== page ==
Saturday, March 1, 2008

Grappling with the Revision Monster

Grappling with the Revision Monster

When it comes to my fiction, I am alternately driven and confounded, which I guess is as good a sign as any that it's worth pursuing.

I came into grad school scoffing at those who might write me off as merely a journalist, since my foundations were always in creative writing and fiction, and since I applied what I knew about that craft to the best of my nonfiction work. I think where I am now in my development is picking at the lock of revision, struggling to open the secrets that lie guarded there. Maybe there's a danger in making too much of this. You simply work at the material until it is ripe, until it moves, until it hits the target cleanly. But then, it must be a particularly sticky challenge since for many the material comes rather easily, but realizing the material's potential takes a great deal of time -- and work.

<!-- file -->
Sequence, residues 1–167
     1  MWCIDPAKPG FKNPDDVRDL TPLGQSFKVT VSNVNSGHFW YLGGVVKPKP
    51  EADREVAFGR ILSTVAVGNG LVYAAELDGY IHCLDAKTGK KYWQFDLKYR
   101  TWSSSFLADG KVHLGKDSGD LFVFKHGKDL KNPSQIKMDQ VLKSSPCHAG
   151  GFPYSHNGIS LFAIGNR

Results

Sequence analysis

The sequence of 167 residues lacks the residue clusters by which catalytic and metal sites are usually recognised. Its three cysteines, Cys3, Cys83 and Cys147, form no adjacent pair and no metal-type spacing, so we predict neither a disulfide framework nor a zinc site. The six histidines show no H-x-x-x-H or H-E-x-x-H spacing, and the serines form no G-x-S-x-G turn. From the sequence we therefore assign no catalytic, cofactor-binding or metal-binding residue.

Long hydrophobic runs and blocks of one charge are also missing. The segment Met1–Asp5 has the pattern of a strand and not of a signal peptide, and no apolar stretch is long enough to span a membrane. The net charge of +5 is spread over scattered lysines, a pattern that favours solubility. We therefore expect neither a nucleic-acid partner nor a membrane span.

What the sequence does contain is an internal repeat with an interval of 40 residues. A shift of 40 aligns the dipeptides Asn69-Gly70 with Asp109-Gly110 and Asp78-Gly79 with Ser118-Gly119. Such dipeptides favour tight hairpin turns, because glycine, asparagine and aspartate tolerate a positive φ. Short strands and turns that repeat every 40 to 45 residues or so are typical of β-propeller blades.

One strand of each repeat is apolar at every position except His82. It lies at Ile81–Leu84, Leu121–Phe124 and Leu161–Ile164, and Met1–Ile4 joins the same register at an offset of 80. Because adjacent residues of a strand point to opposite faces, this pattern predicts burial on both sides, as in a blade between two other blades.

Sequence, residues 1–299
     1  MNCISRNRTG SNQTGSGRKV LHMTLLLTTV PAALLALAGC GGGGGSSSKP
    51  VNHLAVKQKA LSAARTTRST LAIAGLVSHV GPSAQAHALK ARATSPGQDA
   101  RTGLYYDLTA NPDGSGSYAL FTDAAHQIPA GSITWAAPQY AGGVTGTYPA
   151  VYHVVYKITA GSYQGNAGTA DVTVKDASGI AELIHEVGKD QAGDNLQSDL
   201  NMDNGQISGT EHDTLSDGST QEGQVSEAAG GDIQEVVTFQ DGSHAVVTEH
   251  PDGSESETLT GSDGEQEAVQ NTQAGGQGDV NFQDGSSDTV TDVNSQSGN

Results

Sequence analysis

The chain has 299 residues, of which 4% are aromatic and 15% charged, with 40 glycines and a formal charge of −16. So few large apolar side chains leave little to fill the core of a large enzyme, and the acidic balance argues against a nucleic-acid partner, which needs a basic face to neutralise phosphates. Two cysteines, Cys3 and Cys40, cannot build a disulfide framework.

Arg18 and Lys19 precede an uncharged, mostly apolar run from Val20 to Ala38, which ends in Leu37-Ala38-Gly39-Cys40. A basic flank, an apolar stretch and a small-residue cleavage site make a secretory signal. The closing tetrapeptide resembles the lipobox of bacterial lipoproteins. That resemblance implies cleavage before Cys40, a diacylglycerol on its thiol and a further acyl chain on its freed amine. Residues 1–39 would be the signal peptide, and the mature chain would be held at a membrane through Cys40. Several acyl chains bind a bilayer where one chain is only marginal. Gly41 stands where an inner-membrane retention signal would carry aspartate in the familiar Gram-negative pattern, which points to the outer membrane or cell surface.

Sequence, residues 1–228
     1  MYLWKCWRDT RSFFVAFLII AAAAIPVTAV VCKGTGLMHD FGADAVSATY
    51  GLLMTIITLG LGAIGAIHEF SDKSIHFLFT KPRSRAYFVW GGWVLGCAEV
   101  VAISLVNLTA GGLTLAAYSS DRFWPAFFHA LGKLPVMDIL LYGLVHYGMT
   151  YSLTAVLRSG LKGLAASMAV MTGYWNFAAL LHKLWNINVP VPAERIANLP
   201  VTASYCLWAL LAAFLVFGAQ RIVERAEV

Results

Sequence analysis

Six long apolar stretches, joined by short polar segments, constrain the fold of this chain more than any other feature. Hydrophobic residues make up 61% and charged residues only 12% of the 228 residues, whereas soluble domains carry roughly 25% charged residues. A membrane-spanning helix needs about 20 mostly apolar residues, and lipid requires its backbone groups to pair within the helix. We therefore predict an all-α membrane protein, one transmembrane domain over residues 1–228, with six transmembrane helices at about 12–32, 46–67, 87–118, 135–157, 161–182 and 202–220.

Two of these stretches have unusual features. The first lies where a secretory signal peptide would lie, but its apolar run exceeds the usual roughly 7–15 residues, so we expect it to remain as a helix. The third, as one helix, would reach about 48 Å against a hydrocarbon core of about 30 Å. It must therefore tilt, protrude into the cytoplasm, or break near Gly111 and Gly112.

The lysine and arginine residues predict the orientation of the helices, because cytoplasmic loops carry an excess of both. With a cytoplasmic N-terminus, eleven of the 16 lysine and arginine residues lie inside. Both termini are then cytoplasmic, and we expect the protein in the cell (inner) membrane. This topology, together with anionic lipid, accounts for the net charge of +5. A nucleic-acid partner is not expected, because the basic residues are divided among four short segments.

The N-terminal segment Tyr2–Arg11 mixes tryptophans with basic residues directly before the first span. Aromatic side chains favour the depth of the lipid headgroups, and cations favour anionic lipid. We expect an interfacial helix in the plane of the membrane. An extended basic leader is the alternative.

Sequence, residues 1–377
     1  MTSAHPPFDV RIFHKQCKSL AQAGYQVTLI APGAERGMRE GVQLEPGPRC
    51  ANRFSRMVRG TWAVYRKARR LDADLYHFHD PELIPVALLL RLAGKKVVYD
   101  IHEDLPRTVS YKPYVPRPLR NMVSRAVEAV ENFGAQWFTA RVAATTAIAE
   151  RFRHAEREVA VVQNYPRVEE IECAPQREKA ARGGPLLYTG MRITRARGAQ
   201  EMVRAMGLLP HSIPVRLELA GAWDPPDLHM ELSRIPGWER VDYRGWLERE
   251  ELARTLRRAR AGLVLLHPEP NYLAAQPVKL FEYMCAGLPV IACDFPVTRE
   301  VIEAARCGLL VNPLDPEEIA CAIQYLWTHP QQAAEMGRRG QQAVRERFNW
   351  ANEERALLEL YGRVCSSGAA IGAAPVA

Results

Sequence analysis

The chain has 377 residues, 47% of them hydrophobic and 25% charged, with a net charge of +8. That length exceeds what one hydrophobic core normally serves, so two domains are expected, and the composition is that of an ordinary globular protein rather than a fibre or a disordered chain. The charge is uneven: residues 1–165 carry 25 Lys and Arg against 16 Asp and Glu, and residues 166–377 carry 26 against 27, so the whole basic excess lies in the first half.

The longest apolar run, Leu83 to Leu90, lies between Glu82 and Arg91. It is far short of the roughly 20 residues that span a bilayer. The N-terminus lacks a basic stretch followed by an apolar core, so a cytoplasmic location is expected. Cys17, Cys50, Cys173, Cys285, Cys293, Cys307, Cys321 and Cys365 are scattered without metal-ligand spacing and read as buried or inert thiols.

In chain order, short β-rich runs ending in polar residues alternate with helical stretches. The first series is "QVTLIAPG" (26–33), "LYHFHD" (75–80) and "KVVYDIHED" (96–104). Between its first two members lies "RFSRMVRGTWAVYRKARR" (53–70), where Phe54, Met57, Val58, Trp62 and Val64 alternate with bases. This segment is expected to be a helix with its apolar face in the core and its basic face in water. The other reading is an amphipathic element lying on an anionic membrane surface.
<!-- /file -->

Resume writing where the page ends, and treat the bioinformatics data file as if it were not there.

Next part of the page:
It is probably also a sign of my still-toughening skin in the matter of writing fiction that whenever I ask for criticism there is the blush of hope that my critic will be bowled over, and the material will have been born whole and perfect. And that when criticism comes, on the first read I fail to detect the positive feedback, and hear only the questions, and the cuts, and then despair that I'm truly in over my head, the secrets won't be unlocked, the way is barred.

Thankfully, I give criticism a second read, and then a third. And begin to calm down. And remember that if my journey has led me this far, perhaps equipped with a thicker skin I can make it a bit farther down the path.

Eventually you've got to shut out the demons you conjure to stymie yourself and focus on the real task at hand, that by dismissing your inner doubts as so much poisonous and unproductive black smoke, you can instead find the real and helpful voices that can lead you from a heap of drafts to a stack of finished pieces.

Yikes, maybe I spent too much time reading The Legend of Sleepy Hollow this morning. (In an old supplementary reader, published 1880.) Stripping all the artifice away, I guess I'm saying: Do we ever get over that childlike voice in the heart of us wondering, "Am I any good? Do I have a shot?"

So many variations on the answer to that, when the only one that matters comes from myself. And with that weighty prelude, I dig in to revising, hoping that I find a way for the arrow to hit the mark.

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